In recent years, Mann had picked up roles in such films as "The Bling Ring" and the much lambasted remake of "Vacation," as well as voice performances in "Rio 2," "The Simpsons," and "The Croods: A New Age." In 2022, Mann appeared in Apatow's quarantine comedy "The Bubble," and she's also a regular cast member on the TV series "The Power," in which young women develop the power to zap people with their psychic abilities.

Rob Schneider (Delivery Guy)

Rob Schneider is another "SNL" alum who's had success on the big screen — not on the same level as Sandler, of course, but he's certainly built a similar career in silly comedy, often playing fish out of water roles as in "The Hot Chick."

Schneider left "SNL" in 1994, going on to co-star in a number of films, including "Demolition Man" and "Judge Dredd," before he finally broke through in a Sandler hit, "The Waterboy." The same year Schneider starred in "Big Daddy," he launched his own successful big screen character, "Deuce Bigalow: Male Gigolo." A sequel came in 2005, "Duece Bigalow: European Gigolo."

In addition to "Big Daddy" and "The Waterboy," Schneider has co-starred with Sandler in a number of other films, including "Mr. Deeds" (a take-off on "Mr. Deeds Goes to Town"), the remake of "The Longest Yard," "50 First Dates," "Eight Crazy Nights," "You Don't Mess with the Zohan," and the "Grown Ups" films.

Kristy Swanson (Vanessa)

Kristy Swanson, who played the original "Buffy the Vampire Slayer" on the big screen, also had roles in "Ferris Bueller's Day Off," "Pretty in Pink," and "Hot Shots!" before playing Sandler's girlfriend Vanessa in "Big Daddy." (As we all know, "Buffy" was not a hit as a movie, but Sarah Michelle Gellar made the character and the franchise infinitely popular on television.)

Post-"Daddy," Swanson was in the aughts stoner hit "Dude, Where's My Car?" and on the small screen she appeared on episodes of "Just Shoot Me!," "CSI: Miami," "Law & Order: Criminal Intent," "One Tree Hill," "Psych," and more. 

In 2020, Swanson (who is a Trump supporter) appeared in a documentary called "Trump vs. Hollywood," in which she and a number of other conservative stars, including Scott Baio, Kevin Sorbo, and Isaiah Washington, claim they've been blacklisted by a liberal Hollywood (per The Hollywood Reporter).

Josh Mostel (Arthur Brooks)

Son of the legendary comedian Zero Mostel ("The Producers"), Josh Mostel, who closely resembles his famous dad, has worked hard to build a decent career outside of his father's shadow, and while he's not as well known or beloved as his father, he did okay for himself regardless.

Mostel first started acting in the early seventies, and landed a key role as King Herod in the big screen adaptation of "Jesus Christ Superstar." Mostel acted in both dramas and comedies, and had featured roles in "Sophie's Choice," "Star 80," and the Tom Hanks comedy "The Money Pit." On the small screen, he had a featured role on the TV series "Murphy's Law." In addition to "Big Daddy," Mostel also had a role in another Sandler comedy, "Billy Madison." In recent years, Mostel made TV appearances on "Blue Bloods," "Mr. Robot," and "The Blacklist."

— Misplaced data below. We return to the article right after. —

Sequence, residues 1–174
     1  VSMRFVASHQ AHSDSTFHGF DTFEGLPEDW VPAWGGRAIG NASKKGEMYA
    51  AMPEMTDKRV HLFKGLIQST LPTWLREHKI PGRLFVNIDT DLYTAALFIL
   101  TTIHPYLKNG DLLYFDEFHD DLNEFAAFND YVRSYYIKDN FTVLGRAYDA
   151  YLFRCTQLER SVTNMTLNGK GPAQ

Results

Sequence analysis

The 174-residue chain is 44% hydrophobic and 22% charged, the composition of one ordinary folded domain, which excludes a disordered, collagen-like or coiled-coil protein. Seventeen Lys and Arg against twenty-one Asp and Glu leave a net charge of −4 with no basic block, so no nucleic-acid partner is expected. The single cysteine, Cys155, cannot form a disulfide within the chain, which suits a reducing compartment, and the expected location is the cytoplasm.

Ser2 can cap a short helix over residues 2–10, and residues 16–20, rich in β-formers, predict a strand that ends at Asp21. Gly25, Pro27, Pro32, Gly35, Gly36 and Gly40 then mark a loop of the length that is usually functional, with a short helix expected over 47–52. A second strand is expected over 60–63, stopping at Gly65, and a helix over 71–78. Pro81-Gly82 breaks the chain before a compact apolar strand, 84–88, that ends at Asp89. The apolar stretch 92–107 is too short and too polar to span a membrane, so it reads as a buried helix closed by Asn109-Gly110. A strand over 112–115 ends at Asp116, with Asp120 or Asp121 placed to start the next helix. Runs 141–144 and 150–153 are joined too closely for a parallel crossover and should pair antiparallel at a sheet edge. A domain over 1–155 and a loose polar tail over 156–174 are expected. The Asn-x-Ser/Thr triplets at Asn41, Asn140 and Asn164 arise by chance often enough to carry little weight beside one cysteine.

Steve Buscemi (Homeless Guy)

Like many character actors in the '90s, Steve Buscemi became a star working for directors like Quentin Tarantino and the Coen Brothers. In addition to spotlight roles in "Reservoir Dogs," "Pulp Fiction," "Barton Fink," and "Fargo," Buscemi would also become known as an offbeat actor who could crossover from indie films to blockbusters like "Armageddon" with relative ease.

In addition to his appearance in "Big Daddy," Buscemi has had roles in many Sandler films, including "Billy Madison," "The Wedding Singer," "Mr. Deeds," "I Now Pronounce You Chuck and Larry," "Grown Ups," and as the voice of Wayne the Werewolf in the "Hotel Transylvania" series, to name a few. Buscemi is still working at a steady clip, sometimes starring in as many as five movies a year. He recently had a guest voice appearance on "Rick and Morty," and he also had a featured role on the show "Miracle Workers." 

Joe Bologna (Lenny Koufax)

Joe Bologna was a legendary comedy actor who had a long career, and those who didn't see him on the Broadway stage would know him best as King Kaiser in the beloved comedy "My Favorite Year," starring Peter O'Toole. Bologna was also known for working together with his wife, Renee Taylor, in many stage productions and films. (They were married for 52 years, per Variety.)

Bologna graduated from Brown, and cowrote the Broadway play "Lovers and Other Strangers" with Taylor in 1968. Bologna finally broke through in movies in the early '70s, with the big screen adaptation of "Lovers and Other Strangers," which was Oscar nominated for Best Adapted Screenplay. From there, Bologna and Taylor kept working steadily until late in life, writing 22 plays together.

Oddly enough, while Sandler films have a lot of actors coming back to work with him repeatedly, Bologna's only appearance in a Sandler movie was in "Big Daddy." (Bologna was a family friend of Sandler's, per The Hollywood Reporter.) Bologna died of pancreatic cancer on August 13, 2017 at the age of 82.

Allen Covert (Phil D'Amato)

Allen Covert is another Sandler regular who has appeared in many of the comedian's films — a whopping 23 of them, actually, including "Airheads," "Happy Gilmore," "The Wedding Singer," "The Waterboy," "Little Nicky," "Anger Management," "50 First Dates," "The Longest Yard," "I Now Pronounce You Chuck & Larry," "Jack and Jill," "Grown Ups 2," and voice work in the "Hotel Transylvania" series.

Covert became friends with Sandler at New York University (per the biography "Adam Sandler: America's Comedian" by Bill Crawford. He first had a small role in the 1989 comedy "Going Overboard," and after hooking up with Sandler in the '90's, he's been working steadily ever since. In addition to working with Sandler, Covert has appeared in "Heavyweights," "Deuce Bigalow: Male Gigolo," "The House Bunny," "Father of the Year," and more.

Covert has also appeared on such TV shows as "Freaks and Geeks," "Undeclared," "The King of Queens," and the 2022 Kevin James comedy "Home Team."